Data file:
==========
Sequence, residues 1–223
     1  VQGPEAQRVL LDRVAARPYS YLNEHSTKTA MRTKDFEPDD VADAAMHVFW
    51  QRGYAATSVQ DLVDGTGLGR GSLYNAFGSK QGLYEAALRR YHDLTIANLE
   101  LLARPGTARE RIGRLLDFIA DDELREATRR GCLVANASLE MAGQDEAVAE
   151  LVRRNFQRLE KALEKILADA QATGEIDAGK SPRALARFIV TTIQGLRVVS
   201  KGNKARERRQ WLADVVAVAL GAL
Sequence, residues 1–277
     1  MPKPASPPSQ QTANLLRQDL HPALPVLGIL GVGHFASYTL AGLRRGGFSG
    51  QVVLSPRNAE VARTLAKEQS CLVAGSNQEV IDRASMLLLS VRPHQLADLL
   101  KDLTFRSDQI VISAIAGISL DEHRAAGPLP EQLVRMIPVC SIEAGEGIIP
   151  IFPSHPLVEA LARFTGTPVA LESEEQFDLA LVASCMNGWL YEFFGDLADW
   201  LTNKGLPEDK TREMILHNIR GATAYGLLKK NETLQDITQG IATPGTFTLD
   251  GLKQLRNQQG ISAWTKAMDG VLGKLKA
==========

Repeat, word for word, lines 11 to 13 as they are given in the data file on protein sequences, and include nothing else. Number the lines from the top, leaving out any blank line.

   151  IFPSHPLVEA LARFTGTPVA LESEEQFDLA LVASCMNGWL YEFFGDLADW
   201  LTNKGLPEDK TREMILHNIR GATAYGLLKK NETLQDITQG IATPGTFTLD
   251  GLKQLRNQQG ISAWTKAMDG VLGKLKA